Figure 5(a) shows the plaintext with $256\times 256$ pixels (Chinese characters “Optical encryption”), and Figs. 5(b) and 5(c) show the original phase-only mask M3 and one typical phase-only mask M3 translated along the upper direction, respectively. When the phase-only mask M3 is laterally translated, five diffraction intensity maps can be obtained and a typical one is shown in Fig. 5(d). It can be seen in Fig. 5(d) that the plaintext is fully hidden, and no information about the original input image can be observed. Figure 5(e) shows a relationship between the number of iterations and the iterative errors, when correct security keys are used. It is shown that a rapid convergence rate can be achieved by using the proposed method. After 127 iterations with satisfying the threshold, a decrypted image with resultant CC = 0.8094 is obtained as shown in Fig. 5(f), which means that the plaintext information has been extracted. Since the plaintext is considered as a series of particles, a cross-talk term will influence the quality of decrypted images.

Different initial random or constant real-valued guesses are also tested during image decryption, and the same quality of decrypted images can be achieved except the slightly different number of iterations. It is worth noting that signal-to-noise ratio and accuracy will decrease, when a longer distance is used in angular spectrum algorithm [56]. Although a small propagation distance (within several times of the object size) is more suitable, this limitation is not obvious for optical image encryption in this investigation. When the propagation distance is large (compared with the object size), Fresnel approximation method and band-limited angular spectrum algorithm [56] can be considered as an alternative.

An incorrect plaintext will be extracted during image decryption, when the encryption strategy is unknown. Figures 6(a) –6(f) show decrypted images when the distances of 20 mm, 50 mm, 80 mm, 160 mm, 250 mm and 300 mm between the plaintext plane and the phase-only mask (M2) plane are directly applied, respectively. The CC values for Figs. 6(a)–6(f) are 0.0095, 0.0240, 0.0179, 0.0131, 0.0182 and 0.0103, respectively. It can be seen in Figs. 6(a)–6(f) that decrypted images at one arbitrary section do not contain any information about the plaintext. The proposed optical cryptographic method is considered as a virtual-optics technique [40,41], which can be applied to alleviate physical limitations in practice. A large range can be pre-set for the distance map ${d}_{1}(\xi ,\eta )$ based on the proposed cryptosystem, which may increase decryption difficulty for unauthorized receivers. In addition, a phase-only mask can be further placed just behind the 3D particle volume to enhance the security, and more phase-only masks can be used in the optical path during image encryption [55]. It has been found that conventional optical cryptography methods are vulnerable to some attack algorithms, such as known-plaintext attack and chosen-plaintext attack [57–59]. The proposed optical cryptography can effectively endure these attacks, since a 3D particle-like distribution is applied. The decryption at one single section cannot give any information about the plaintext as shown in Figs. 6(a)–6(f). Note that it is not feasible to combine many pixels as one particle, since it may result in a low robustness to the attacks.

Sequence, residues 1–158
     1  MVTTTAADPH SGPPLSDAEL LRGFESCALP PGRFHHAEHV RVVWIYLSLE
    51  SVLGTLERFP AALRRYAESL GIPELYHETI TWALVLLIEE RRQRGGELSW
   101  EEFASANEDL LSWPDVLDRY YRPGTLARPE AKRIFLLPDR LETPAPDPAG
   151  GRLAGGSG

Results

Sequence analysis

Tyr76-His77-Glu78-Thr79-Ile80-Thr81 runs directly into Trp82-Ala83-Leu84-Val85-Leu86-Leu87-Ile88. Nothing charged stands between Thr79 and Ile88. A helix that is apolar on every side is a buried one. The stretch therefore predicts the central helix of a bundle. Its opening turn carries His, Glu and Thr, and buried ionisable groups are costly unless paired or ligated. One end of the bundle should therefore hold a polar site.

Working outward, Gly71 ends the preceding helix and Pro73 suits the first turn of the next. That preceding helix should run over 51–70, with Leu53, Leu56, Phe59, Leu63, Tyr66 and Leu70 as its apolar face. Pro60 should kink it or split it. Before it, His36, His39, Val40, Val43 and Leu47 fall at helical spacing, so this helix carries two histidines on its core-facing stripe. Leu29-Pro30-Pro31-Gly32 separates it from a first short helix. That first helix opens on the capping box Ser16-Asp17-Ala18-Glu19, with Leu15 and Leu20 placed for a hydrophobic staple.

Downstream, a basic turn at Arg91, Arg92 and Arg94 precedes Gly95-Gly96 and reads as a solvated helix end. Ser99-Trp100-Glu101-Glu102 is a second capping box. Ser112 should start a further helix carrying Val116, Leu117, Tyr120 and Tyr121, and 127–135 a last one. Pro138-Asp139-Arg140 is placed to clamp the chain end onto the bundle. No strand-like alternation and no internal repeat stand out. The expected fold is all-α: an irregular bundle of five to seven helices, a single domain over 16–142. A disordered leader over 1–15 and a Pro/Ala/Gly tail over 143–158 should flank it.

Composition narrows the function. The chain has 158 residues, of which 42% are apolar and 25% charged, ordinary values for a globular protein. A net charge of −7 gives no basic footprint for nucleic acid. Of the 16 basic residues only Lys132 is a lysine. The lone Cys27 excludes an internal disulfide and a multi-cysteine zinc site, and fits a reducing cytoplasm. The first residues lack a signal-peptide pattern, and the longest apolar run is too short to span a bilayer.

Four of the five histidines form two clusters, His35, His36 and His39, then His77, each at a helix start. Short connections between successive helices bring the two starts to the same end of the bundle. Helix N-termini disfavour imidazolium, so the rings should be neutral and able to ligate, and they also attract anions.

The performance of security keys, such as the phase-only masks, is also analyzed during image decryption. Figures 7(a) and 7(b) show decrypted images when the phase-only mask (M4) and the translation amount for the phase-only mask (M3) are wrong, respectively. The lateral translation error is 4 pixels in Fig. 7(b), and CC values for Figs. 7(a) and 7(b) are 0.0051 and 0.0026 after 2000 iterations, respectively. Figures 7(c) and 7(d) respectively show decrypted images when an error of 4 mm in the distance ${d}_{4}$ and a FRFT function order error of 0.08 exist. The CC values for Figs. 7(c) and 7(d) are 0.0016 and 0.0013 after 2000 iterations, respectively. It can be seen in Figs. 7(a)–7(d) that a correctly decrypted image cannot be obtained, when security keys are wrong or not properly applied. Note that the above CC values may not be highest among the series of the CC values obtained during image decryption. Since numerous security keys are available in the proposed optical cryptography, wrong decryption results are more obvious when several security keys are simultaneously incorrect. For the sake of brevity, the performance of other security keys, such as the wavelength, is not presented here. The tolerance to noise contamination and ciphertext occlusion is also investigated. Figures 7(e) and 7(f) show decrypted images when the ciphertexts are respectively contaminated by additive random noise [signal-to-noise ratio (SNR) of 5] and occlusions (25%). The random noise [54,55] is generated by $\left(\left\{Mean\left[{I}^{h}\left(\mu ,\nu \right)\right]\right\}/\mathrm{SNR}\right)\times VRD,$ where $Mean$ denotes a mean value of the diffraction intensity map, and $VRD$ is a 2D variable randomly distributed in a range of $[-0.5,0.5].$ The CC values for Figs. 7(e) and 7(f) are 0.8090 and 0.3211 after 2000 iterations, respectively. It can be seen in Figs. 7(e) and 7(f) that the quality of decrypted images degrades with ciphertext contaminations, but the plaintext can still be clearly observed.

## 4. Conclusions

We have proposed an optical cryptography topology based on a 3D particle-like distribution and diffractive imaging. An optical multiple-random-phase-mask encoding approach is used, and the plaintext is considered as a series of particles distributed in a 3D space. In addition, a topology concept is also introduced into the optical cryptosystem. During image decryption, the retrieval algorithm with a rapid convergence rate is further developed to extract the plaintext from the ciphertexts. Numerical results demonstrate that the proposed optical cryptography topology is feasible and effective. It is also illustrated that the proposed optical cryptography method possesses a high security. The proposed optical cryptography topology can provide a new alternative for optical encryption, and can also be useful in many other applications, such as multiple-image encryption.

## Acknowledgments

This work was supported by the Singapore Ministry of Education (MOE) grant under Project No. MOE2009–T2–2–086, and the authors are grateful to the anonymous reviewers for their insightful comments.